Sapogenins, flavonoids, alkaloids, and steroids are the major classes of compounds in fenugreek (Singh et al., 2020). Two major bioactive compounds in fenugreek are trigonelline (91.20 mg/g) and 4-hydroxyisoleucine (90.10 mg/g) (Singh et al., 2020). Other bioactive compounds include pinitol (45.80 mg/g), isovitexin (3.18 mg/g), sarsasapogenin (1.35 mg/g), and isoorientin (1.12 mg/g) (Singh et al., 2020).

9.4. Immune-enhancing properties

Fenugreek supplementation has varying effects on the immune system; however, results are inconsistent and less impressive than other plants. IgM levels were increased in Nile tilapia (Oreochromis niloticus) (Moustafa et al., 2020) and juvenile blunt snout bream (Megalobrama amblycephala) (Yu et al., 2019) supplemented fenugreek at 0.3 and 0.16% of diets, respectively. Contrarily, fenugreek supplemented gilthead seabream (Sparus aurata L.) at 1, 5, and 10% of diet had no change in IgM levels (Guardiola et al., 2018). Nevertheless, these studies found improved lysozyme activity (Moustafa et al., 2020), increased protease activity (Yu et al., 2019), and increased complement component 3 levels (Guardiola et al., 2018). Complement component 3 is a key protein in the complement system (Sahu and Lambris, 2001). Furthermore, Nile tilapia supplemented a diet with 2.5% crude fenugreeks seeds had increased total leukocytes after cadmium toxicity (Abbas et al., 2019). These results in fish show promising properties of fenugreek supplementation, however clinical trials are needed to confirm results.

Other animal models have had fewer promising results. Hens and broiler chickens supplemented with fenugreek had no change in antibody titer against sheep erythrocytes compared to the control groups (Samani et al., 2020; Laudadio et al., 2020). However, fenugreek was effective at augmenting the antibody titer of black cumin (Nigella sativa L.) (Laudadio et al., 2020). Additionally, fenugreek supplemented broiler chickens had little change in immune response towards phytohemagglutinin-P-induced swelling (Al-Homidan et al., 2020). Compared to mung bean (Vigna radiata) and garden cress (Lepidium sativum), fenugreek gave the weakest response (Al-Homidan et al., 2020). Thus, fenugreek may be effective at enhancing innate immunity but not adaptive immunity, particularly in fish, although it may be less effective than other plants. Furthermore, fish and poultry are not optimal models for determining the applicability of fenugreek on human health, thus preclinical and clinical trials are needed to gain a better understanding.

9.5. Anti-inflammatory properties

The anti-inflammatory properties have been demonstrated using fenugreek. Multiple studies have shown fenugreek to lower pro-inflammatory cytokines, including TNF-α, IL-1β, and IL-6, released in response to induced inflammation (Zhou et al., 2020; Liu, 2019; Khound et al., 2018; Piao et al., 2017; Sindhu et al., 2018; Nagamma et al., 2021; Yu et al., 2019). Moreover, a clinical trial found that 15 g/day supplementations of fenugreek seed powder decreased CRP (a general measure of inflammation) levels in type 2 diabetes patients, however, there was no effect on IL-6 and TNF-α (Tavakoly et al., 2018). Anti-inflammatory cytokines were found to be increased with fenugreek supplementation, specifically IL-10, IFN-γ, and TGF-β (Liu, 2019; Piao et al., 2017). Fenugreek has been found to inhibit c-Jun N-terminal kinases and NF-κB activation (Zhou et al., 2020) as well as COX-1 and COX-2 (El-Taib et al., 2020). Furthermore, fenugreek has been found effective at reducing carrageenan- and Mycobacterium tuberculosis-induced paw edema (Cheurfa et al., 2021; Sindhu et al., 2018; Pournamdari et al., 2018; El-Taib et al., 2020). Thus, fenugreek has shown promising results in ameliorating inflammation. It is important to note that the clinical trial found no change in two major pro-inflammatory cytokines, inconsistent with many animal studies. More research should be conducted to confirm the effects of fenugreek on pro-inflammatory cytokines.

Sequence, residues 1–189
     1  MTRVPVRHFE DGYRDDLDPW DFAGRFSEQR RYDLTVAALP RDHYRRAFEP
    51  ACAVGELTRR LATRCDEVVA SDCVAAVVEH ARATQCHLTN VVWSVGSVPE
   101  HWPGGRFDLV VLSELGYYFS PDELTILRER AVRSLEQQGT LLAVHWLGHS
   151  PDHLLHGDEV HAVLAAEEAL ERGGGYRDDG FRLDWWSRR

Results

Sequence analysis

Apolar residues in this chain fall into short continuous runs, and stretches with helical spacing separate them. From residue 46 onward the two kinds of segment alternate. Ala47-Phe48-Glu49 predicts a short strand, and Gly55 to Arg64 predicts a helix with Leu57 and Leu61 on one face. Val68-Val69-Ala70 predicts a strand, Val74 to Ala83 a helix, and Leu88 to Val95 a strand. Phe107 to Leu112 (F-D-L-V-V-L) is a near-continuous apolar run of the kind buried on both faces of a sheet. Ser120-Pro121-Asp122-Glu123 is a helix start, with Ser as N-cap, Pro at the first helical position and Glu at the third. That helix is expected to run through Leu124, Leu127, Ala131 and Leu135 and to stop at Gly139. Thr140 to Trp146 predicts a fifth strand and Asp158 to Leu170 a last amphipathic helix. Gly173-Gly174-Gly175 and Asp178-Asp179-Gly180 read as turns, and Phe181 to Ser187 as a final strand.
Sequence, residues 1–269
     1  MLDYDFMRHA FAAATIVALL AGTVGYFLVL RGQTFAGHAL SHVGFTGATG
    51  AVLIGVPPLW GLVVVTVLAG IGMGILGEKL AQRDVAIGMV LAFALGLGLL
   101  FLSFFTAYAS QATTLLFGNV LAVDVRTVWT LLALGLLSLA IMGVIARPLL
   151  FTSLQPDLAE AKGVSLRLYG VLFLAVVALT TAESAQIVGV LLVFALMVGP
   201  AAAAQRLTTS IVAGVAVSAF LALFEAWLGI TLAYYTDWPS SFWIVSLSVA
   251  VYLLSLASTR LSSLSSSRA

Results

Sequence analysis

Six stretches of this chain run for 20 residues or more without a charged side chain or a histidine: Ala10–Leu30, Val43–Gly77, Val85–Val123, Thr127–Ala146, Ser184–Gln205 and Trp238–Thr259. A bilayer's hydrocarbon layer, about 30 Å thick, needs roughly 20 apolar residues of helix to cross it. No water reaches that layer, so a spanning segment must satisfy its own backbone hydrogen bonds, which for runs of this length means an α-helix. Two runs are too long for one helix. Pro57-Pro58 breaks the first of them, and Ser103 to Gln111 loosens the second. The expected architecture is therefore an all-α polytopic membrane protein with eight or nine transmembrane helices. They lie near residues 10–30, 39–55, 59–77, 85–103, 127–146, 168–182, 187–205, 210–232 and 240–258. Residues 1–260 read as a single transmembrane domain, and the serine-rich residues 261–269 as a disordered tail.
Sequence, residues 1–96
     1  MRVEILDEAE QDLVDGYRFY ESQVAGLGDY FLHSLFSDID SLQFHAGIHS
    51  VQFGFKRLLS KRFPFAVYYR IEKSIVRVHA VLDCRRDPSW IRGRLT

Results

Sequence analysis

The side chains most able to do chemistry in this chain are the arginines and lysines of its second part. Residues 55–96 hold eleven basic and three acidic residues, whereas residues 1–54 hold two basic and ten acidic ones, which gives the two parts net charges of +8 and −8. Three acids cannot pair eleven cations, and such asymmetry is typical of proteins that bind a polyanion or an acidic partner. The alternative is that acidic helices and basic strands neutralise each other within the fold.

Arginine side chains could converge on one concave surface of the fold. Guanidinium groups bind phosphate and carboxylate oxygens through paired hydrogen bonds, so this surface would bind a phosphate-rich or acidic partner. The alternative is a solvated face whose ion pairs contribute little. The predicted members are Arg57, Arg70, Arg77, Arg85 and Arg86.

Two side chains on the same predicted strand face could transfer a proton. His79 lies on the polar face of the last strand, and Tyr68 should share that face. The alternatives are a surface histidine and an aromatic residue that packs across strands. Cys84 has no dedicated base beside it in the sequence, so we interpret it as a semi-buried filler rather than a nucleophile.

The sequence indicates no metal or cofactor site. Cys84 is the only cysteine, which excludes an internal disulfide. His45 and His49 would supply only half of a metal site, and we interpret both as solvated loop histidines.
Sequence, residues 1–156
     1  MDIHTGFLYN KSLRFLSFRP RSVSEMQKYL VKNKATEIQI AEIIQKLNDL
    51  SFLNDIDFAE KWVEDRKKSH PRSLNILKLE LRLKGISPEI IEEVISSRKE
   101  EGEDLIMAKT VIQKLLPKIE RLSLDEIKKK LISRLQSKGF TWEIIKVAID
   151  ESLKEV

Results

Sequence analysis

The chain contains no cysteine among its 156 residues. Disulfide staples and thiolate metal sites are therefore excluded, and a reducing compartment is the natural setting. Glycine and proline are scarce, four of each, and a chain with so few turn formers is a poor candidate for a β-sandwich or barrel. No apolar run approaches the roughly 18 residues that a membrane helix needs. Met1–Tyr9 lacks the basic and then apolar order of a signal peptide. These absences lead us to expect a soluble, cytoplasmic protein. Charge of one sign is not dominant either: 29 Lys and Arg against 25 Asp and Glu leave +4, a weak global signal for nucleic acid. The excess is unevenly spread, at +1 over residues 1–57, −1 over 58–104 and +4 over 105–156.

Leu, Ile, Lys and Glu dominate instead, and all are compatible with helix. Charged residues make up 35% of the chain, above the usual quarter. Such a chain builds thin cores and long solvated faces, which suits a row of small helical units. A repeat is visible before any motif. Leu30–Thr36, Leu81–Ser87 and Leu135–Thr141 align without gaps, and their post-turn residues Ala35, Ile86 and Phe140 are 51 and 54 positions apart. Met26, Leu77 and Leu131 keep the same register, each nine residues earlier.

10. Ginger (Zingiber officinale)▴Top 

10.1. Introduction and source

Ginger is a flowering plant with the taxonomic classification of Zingiber officinale. The rhizome (subterranean plant stem) of ginger is used as a spice with the same name. Ginger originated in Maritime Southeast Asia and was first traded with the spice trade where it was used by ancient Greeks and Romans. Today, ginger is grown in many places across the world, although most ginger is grown in Asia.

10.2. Current uses

Ginger has many uses in cooking. In South Asian cuisine, ginger is a common ingredient in preparing seafood, meat, and vegetarian dishes. Examples include Indian lentil curries, Burmese gyin-thot, and Vietnamese shrimp-and-yam soup. Additionally, ginger is used for cooking in the Caribbean and Western cultures. In Western cultures, dry powdered ginger is commonly used to produce products such as gingerbread, cookies, ginger ale, and ginger beer. Perhaps the most common use for ginger is to combat nausea and vomiting. In traditional medicine, ginger has also found use across several cultures. In traditional Chinese medicine, ginger is used to treat illnesses caused by cold weather (Moghaddasi and Kashani, 2012). In Ayurveda, ginger is used extensively for purposes including fighting heart disease, reducing cholesterol, and combating arthritis (Moghaddasi and Kashani, 2012). In Iranian traditional medicine, ginger has been used for improving kidney health, memory, and digestive system health (Khodaie and Sadeghpoor, 2015).

10.3. Bioactive compounds